Students in HeatSpring’s newly updated Solar Executive MBA Training Course learn about how to take advantage of a standardized solar contract, one of the course’s important new features.

“If you use your own agreement, you need to find an investor comfortable with it,” says Chris Lord, instructor, along with Keith Cronin, of the Solar Executive MBA Training course.

That means the investor must spend the time and money to review the agreement, and will likely propose changes, even if you have already had the contract executed by the customer, he adds. “Using your own form, your project may not be as easy to finance.”

Investors Prefer Standardized Contracts

Investors will likely be more open to a project that involves a standardized Power Purchase Agreement (PPA), he says.

The course uses the Solar Energy Industry Association’s (SEIA)  standardized PPA, which was created about two years ago and is gaining traction in the industry.

It’s designed for commercial end users and was created using a collaborative process with industry members and other stakeholders, according to SEIA.

“Investors familiar with the standard contract will feel more comfortable with how it manages risks and secures the customer’s ‘take or pay’ obligations. Investors spend less time and money reviewing your project, and you have a better chance of getting to ‘yes’,” says Lord.

Standard PPA Attracts More Bidders

The PPA, which changes as little as possible between users, gives developers and end users more options for financing and paves the way for more competitive pricing of projects. “It’s a good compromise between buyers’ and sellers’ rights, there’s less negotiation and more flexibility,”  says Lord. And just as important, the contract helps developers and end users attract more competitive bidders.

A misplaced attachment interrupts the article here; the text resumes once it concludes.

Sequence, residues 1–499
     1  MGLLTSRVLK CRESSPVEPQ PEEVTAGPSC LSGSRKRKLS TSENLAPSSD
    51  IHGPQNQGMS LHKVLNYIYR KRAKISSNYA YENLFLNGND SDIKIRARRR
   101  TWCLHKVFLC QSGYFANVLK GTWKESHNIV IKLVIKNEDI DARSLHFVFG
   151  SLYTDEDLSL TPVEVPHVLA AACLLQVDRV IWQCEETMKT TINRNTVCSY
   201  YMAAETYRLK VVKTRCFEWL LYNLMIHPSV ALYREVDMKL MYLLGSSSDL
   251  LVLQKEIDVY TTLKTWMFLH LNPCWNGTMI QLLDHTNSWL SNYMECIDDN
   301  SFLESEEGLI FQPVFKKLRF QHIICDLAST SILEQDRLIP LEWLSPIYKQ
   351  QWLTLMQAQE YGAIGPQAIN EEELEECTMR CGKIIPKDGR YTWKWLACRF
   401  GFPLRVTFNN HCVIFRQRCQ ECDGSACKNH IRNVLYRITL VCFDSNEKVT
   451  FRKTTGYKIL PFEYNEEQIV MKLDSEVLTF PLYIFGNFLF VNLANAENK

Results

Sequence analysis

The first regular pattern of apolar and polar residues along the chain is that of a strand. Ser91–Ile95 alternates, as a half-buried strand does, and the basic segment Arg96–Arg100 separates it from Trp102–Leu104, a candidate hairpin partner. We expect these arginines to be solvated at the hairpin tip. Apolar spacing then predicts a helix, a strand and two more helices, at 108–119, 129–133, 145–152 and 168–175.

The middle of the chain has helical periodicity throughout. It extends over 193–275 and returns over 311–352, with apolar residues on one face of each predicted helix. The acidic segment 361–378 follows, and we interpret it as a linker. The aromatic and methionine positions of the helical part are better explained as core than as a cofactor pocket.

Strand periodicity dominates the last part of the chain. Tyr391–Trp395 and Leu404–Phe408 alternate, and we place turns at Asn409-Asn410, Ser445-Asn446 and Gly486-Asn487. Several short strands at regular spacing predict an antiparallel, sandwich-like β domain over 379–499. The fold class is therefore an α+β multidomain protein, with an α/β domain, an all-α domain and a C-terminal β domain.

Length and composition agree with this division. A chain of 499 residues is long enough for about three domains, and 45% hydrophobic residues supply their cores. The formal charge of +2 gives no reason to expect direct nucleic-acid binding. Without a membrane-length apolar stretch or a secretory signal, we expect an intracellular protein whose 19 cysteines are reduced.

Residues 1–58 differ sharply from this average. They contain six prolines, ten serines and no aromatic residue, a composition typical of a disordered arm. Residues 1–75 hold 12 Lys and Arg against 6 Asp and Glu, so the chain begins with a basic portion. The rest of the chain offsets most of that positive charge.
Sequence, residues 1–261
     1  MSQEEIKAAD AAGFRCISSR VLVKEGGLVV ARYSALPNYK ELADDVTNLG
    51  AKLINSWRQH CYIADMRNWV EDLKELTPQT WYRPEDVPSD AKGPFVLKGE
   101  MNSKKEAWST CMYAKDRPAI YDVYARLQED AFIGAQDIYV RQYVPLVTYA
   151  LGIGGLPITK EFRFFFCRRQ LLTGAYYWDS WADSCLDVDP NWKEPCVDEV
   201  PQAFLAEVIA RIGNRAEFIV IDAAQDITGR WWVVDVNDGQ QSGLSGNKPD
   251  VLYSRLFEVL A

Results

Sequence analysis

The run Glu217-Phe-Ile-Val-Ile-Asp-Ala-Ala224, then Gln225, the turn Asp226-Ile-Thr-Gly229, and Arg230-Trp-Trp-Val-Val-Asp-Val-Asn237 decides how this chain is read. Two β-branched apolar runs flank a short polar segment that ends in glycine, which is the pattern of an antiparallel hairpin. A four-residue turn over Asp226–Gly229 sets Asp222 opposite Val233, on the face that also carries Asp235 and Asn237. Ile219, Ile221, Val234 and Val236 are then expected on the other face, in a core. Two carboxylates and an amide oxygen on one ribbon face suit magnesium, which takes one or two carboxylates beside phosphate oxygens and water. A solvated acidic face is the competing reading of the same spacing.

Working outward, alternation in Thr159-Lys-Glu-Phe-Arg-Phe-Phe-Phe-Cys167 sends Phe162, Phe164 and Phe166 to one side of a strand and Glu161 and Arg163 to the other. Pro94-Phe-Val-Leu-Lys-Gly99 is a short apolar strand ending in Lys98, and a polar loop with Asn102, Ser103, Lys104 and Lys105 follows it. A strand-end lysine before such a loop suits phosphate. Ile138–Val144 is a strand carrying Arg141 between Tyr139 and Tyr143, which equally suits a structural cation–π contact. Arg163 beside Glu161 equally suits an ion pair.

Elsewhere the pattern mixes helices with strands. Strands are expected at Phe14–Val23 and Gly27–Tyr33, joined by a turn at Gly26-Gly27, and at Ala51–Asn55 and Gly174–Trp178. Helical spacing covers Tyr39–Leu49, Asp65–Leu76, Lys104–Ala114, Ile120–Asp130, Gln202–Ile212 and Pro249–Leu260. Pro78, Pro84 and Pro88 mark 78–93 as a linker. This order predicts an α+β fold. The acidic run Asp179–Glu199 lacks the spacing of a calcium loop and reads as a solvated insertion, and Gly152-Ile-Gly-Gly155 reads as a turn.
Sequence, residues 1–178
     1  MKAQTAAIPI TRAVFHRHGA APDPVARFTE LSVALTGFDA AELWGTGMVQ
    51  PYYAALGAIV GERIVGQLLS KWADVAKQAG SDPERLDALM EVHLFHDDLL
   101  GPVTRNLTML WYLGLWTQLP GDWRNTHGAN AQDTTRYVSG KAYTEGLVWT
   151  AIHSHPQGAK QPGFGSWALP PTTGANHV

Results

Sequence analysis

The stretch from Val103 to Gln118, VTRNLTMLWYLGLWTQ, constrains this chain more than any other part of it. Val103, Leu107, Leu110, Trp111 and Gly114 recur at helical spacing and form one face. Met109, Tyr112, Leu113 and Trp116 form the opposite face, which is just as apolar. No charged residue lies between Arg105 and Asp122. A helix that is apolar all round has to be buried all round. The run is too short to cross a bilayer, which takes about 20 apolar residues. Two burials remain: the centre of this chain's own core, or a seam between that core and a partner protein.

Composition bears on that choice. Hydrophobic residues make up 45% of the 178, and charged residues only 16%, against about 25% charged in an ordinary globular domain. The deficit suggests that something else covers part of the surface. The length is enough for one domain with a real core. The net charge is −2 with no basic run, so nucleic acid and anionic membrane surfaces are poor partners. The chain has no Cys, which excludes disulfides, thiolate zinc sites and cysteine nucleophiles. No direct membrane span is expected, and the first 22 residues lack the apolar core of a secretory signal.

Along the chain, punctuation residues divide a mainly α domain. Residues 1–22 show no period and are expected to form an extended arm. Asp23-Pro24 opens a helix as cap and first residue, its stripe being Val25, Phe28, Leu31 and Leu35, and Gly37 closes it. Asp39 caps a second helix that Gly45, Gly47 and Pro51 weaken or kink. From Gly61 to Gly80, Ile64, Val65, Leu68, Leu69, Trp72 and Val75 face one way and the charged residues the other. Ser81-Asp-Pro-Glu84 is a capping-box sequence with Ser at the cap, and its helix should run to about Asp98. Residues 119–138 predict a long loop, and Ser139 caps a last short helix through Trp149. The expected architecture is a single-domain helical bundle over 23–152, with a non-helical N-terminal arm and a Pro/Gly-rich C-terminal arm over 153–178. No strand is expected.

Before Lord and Cronin began using the standardized PPA, they helped students look at different PPAs and discussed the benefits of various features.

Updated Solar MBA Course Also Includes Load Modeling Tool

Another important change to the Solar Executive MBA Training course is the inclusion of a load modeling tool. The tool helps users understand a client’s hourly usage of electricity and compare that to the production of solar for a behind-the-meter solar project. It can help potential solar customers uncover details about their usage they hadn’t considered before and find ways to cut costs by shifting load. 

For example, one of Lord’s clients charged golf carts at day’s end. By pushing back the evening start of charging from 8 pm to after 9 pm, the client saved 3 cents/kWh. Additionally, the client spread the ramp up of charging and irrigation over a full two hours–rather than starting them at the same time–allowing for lower demand charges.

Assessing Projects for Storage

Lord says that the tool is also useful – if not required – to assess a project for storage. “You can’t assess a project for storage unless you can analyze a client’s load to see how closely electricity usage lines up with the solar production,” he says. 

Take for example, the golf course resort, where the irrigation and electric cart charging occurred at night, and there was no net metering program. 

“Under those circumstances, you can add all the solar you want, but it won’t help the client reduce its grid dependence if the production exceeds load during the day,” he says. The new tool allows users to plan and size storage systems for these kinds of scenarios.

Meeting the Needs of People Transitioning to the Solar Industry

By adding the standardized PPA and load modeling tools to the Executive Solar MBA Training course, Lord and Cronin have created a course designed to meet the needs of both existing industry members and the many new people wanting to transition to solar.

“We are seeing people with great intellectual knowledge who are subject matter experts in their discipline realizing that they want to do something more fulfilling and leave a legacy,” says Cronin.